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1 May 2012 Elwha River Sediments: Phosphorus Characterization and Dynamics Under Diverse Environmental Conditions
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Abstract

Two large dams on the Elwha River, Olympic Peninsula, Washington, will be removed over a 2–3 year period starting in 2011. Sediments that have accumulated in reservoirs behind these dams will be exposed to new physical and chemical conditions that could affect P distribution and availability in the oligotrophic river system. Coarse sediments from a reservoir delta and fine sediments from a reservoir bottom were collected. The sediments were analyzed for physical and chemical characteristics relevant to P availability. The fine sediments had 20 to 200% greater concentrations of C, N, amorphous Fe, Fe-bound P, Ca-bound P and organic P than the coarse sediments. Both sediment types had relatively low P concentrations compared with published values for eutrophic systems. Both fine and coarse sediments immobilized large quantities of added P, but fine sediments maintained dissolved P concentrations at half the level of coarse sediments. A 300 h incubation of sediments under diverse environmental conditions indicated released P was not affected by short-term exposure to oxygen. For coarse sediments, P release was greater in freshwater than saltwater throughout the incubation, for fine sediments this occurred only initially. Results of sediment characterizations are important in understanding potential post-dam conditions. Release of P from eroded and resuspended sediments will likely be of sufficient magnitude to increase downriver P concentrations. The Ca-bound P in non-eroded dewatered sediments will likely be sufficient to meet the P demand of vascular vegetation that establishes in the new riparian zone.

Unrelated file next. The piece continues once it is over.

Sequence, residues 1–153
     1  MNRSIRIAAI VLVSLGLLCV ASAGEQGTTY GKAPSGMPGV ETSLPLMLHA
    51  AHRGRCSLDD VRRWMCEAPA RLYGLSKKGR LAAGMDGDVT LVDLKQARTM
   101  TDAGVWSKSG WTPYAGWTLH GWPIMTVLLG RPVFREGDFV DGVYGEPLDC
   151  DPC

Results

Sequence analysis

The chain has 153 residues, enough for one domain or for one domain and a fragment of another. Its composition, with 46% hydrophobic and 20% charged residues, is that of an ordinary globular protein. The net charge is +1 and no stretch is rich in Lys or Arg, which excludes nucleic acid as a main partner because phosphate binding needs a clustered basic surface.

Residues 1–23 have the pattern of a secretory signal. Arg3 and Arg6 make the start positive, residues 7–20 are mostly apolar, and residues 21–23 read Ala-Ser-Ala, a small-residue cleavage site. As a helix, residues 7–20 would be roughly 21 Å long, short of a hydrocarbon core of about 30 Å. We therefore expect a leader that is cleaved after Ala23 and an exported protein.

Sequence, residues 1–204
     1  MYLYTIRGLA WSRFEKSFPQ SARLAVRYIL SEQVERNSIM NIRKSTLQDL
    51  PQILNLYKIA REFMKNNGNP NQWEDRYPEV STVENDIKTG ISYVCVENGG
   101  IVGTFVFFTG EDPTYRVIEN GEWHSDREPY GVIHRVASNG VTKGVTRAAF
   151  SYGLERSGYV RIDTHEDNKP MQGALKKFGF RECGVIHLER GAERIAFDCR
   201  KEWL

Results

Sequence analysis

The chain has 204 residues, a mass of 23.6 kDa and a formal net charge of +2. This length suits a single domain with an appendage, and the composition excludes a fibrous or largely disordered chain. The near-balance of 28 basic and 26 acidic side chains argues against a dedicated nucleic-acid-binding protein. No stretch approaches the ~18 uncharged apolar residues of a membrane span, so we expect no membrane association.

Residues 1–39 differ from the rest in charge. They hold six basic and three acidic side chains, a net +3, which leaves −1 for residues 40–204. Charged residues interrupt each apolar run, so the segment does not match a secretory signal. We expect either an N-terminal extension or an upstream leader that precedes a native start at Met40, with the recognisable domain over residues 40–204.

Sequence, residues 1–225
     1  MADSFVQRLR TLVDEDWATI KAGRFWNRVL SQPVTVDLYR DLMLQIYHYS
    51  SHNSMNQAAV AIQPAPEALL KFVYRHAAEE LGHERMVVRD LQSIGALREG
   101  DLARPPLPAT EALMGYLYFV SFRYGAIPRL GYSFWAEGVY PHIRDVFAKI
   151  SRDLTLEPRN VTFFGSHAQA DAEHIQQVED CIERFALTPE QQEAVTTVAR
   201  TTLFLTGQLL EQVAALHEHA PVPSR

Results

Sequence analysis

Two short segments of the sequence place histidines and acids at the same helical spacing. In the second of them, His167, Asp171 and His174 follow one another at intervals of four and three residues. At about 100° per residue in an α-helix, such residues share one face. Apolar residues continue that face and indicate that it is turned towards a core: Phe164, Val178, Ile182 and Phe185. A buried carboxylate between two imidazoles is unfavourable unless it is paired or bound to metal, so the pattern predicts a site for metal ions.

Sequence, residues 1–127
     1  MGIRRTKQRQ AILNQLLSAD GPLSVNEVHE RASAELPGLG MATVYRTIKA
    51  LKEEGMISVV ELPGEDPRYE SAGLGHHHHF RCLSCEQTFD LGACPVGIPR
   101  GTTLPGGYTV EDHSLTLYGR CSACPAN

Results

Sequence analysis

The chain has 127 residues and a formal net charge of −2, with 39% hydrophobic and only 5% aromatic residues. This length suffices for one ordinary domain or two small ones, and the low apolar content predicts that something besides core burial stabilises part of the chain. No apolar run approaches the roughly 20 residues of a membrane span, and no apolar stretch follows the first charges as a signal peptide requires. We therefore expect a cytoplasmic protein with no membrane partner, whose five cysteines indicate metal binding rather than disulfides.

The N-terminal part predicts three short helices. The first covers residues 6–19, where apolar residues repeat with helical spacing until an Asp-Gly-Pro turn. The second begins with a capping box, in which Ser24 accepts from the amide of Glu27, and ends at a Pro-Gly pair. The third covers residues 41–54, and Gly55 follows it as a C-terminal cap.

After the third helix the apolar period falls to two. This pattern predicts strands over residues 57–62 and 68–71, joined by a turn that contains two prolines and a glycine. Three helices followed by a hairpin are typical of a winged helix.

© 2012 by the Northwest Scientific Association. All rights reserved.
Emily Cavaliere and Peter Homann "Elwha River Sediments: Phosphorus Characterization and Dynamics Under Diverse Environmental Conditions," Northwest Science 86(2), 95-107, (1 May 2012). https://doi.org/10.3955/046.086.0202
Received: 31 July 2011; Accepted: 29 January 2012; Published: 1 May 2012
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